Section 12 of the Trade Mark Act, 1999 states that similar trademarks may be allowed in case of honest concurrent use. For instance in the case of Goenka Institute of Education and Research v. Anjani Kumar Goenka and Another , both the applicant and respondent had “Goenka” as a predominant part of their trademarks. One went by the trademark of “Goenka Public School” and the other by the name “G.D. Goenka Public School”. The court held that such similarity in trademarks was honest and concurrent use because it was established that both parties started using the word “Goenka” around the same time and moreover, one institution was located in Delhi and the other in Rajasthan so the appellant could not have known of the respondent’s mark when he started using the same, Therefore, the Registrar allowed both marks to be registered with certain conditions, such as the appellant was directed to insert the name of their trust in brackets below the name of their school in order to clarify and differentiate between the two marks.
Section 13 of the Trade Mark Act, 1999 states that registration of trademarks that consist of chemical elements or compounds which have been declared as an international non-proprietary name or similar to such name is not possible.
Section 14 of the Trade Mark Act, 1999 states that in order to use a person’s name who is living or dead for the past twenty years as a trademark will require the person or his legal representative’s consent.
As per Section 27 of the Trade Marks Act, 1999 Passing off refers to the act of selling goods or services as that of another person. The act of passing off is applicable only in enforcing the rights of trademarks that are unregistered. Though registration of trademarks has its benefits is not mandatory. Thus, in order to protect the rights of people who have not registered their trademarks but have been utilising one for a certain period of time, such an enactment proves to be beneficial.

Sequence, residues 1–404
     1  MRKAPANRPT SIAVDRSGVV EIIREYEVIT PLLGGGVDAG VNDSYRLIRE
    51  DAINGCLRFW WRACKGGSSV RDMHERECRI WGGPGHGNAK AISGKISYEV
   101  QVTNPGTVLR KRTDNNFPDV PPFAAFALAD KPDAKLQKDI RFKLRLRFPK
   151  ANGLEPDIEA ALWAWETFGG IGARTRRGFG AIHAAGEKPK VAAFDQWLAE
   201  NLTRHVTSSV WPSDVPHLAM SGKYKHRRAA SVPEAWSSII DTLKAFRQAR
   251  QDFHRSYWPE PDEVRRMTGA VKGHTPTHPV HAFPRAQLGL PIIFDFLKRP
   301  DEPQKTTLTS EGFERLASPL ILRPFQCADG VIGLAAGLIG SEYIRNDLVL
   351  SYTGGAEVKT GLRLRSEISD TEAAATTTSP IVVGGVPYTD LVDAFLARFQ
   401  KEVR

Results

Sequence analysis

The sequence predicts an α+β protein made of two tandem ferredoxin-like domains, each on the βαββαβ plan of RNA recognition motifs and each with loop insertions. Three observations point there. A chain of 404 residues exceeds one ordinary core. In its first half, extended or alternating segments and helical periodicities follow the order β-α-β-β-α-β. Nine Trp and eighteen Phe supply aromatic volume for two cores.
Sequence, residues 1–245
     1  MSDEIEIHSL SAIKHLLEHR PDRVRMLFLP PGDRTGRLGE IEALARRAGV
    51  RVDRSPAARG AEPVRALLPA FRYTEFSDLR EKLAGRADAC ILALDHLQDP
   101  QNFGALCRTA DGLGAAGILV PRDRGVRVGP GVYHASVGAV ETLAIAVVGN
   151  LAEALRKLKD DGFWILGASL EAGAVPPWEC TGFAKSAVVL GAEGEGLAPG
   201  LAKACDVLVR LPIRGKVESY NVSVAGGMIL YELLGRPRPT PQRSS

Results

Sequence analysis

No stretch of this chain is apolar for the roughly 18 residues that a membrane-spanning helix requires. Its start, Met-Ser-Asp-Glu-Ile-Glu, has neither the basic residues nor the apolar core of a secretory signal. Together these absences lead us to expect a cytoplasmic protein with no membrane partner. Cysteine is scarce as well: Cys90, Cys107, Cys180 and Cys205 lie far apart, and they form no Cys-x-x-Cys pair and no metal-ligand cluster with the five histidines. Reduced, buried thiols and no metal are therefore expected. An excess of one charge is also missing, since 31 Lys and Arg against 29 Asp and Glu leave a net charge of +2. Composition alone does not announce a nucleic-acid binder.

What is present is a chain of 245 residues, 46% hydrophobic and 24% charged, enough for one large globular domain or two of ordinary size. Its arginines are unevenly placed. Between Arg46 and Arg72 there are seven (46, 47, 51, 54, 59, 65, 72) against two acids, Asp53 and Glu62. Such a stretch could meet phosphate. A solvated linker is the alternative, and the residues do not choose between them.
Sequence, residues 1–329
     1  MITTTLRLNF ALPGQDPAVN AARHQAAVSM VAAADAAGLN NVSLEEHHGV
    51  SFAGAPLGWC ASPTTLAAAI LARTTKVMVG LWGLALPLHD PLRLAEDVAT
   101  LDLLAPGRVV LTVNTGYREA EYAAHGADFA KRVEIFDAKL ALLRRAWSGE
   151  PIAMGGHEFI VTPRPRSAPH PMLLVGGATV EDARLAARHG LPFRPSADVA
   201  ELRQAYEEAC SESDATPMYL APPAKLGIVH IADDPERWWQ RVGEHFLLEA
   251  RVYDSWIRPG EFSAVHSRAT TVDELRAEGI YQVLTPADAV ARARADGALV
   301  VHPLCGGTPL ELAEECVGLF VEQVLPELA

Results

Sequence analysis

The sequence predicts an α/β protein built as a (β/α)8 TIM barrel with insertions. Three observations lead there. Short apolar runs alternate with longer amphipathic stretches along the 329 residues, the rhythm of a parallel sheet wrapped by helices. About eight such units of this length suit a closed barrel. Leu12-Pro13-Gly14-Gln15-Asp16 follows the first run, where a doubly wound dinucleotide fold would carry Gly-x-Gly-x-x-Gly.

As mentioned in the case of Reckitt and Coleman Ltd v Borden Inc. there are three basic elements involved in considering an act to be Passing off which is referred to as the classical trinity. They are as follows-
- The mentioned Trademark has a reputation and is well known amongst consumers
- Misrepresentation of product or service in a way that is deceptively similar to the plaintiffs hence confusing the consumers
- As a result, it causes the plaintiff damage, loss and injury to the business of the company.
In the case of Honda Motors Co. Ltd. v. Mr. Charanjit Singh and Ors, the plaintiff owned a well-known company by the name of “Honda” and was involved in the automobile business. It was well-established fact that the plaintiff’s business had acquired a good reputation and such trade name had become distinctive of his goods and the public at large associates the plaintiff’s name with the brand. The defendant on the other hand was selling pressure cookers under the name of Honda as well even though their application for the trademark of Honda was rejected. Thus, the court held that using the brand name Honda for selling pressure cookers was not an honest adoption and is likely to cause confusion in the minds of the public and thus, it amounts to passing off.
In the case of Sayed Moideen v P. Sulochana Bai, the court held that a right over a registered trademark is not absolute and is subject to the rights of prior users for passing off. In this case, the dispute was regarding the brand of a Halwa Shop from Tirunelveli in Tamil Nadu called ‘Iruttu kadai Halwa’. The respondent had been selling halwas under such brand name since the 1900’s which was originally started by her father-in-law and recently noticed that the appellant was using the same brand name to sell his halwa. The appellant, as well as the respondent, had their trademarks registered thus the court had to decide the effect of the validity of the appellant’s trademark. The Supreme Court held the following observations –
- Rights that are conferred by registration are subject to the rights of the prior user of the trademark.
- Passing off rights are considered to be superior than that of registration rights.
- Registration merely recognizes the rights which were already pre-existing in common law and does not create any rights.
- The latter use of the mark/name or in the business cannot misrepresent his business as that of business of the prior right holder.
Thus, the prior right of the respondent was considered as the true owner and the registered trademark of the appellant was considered as passing off.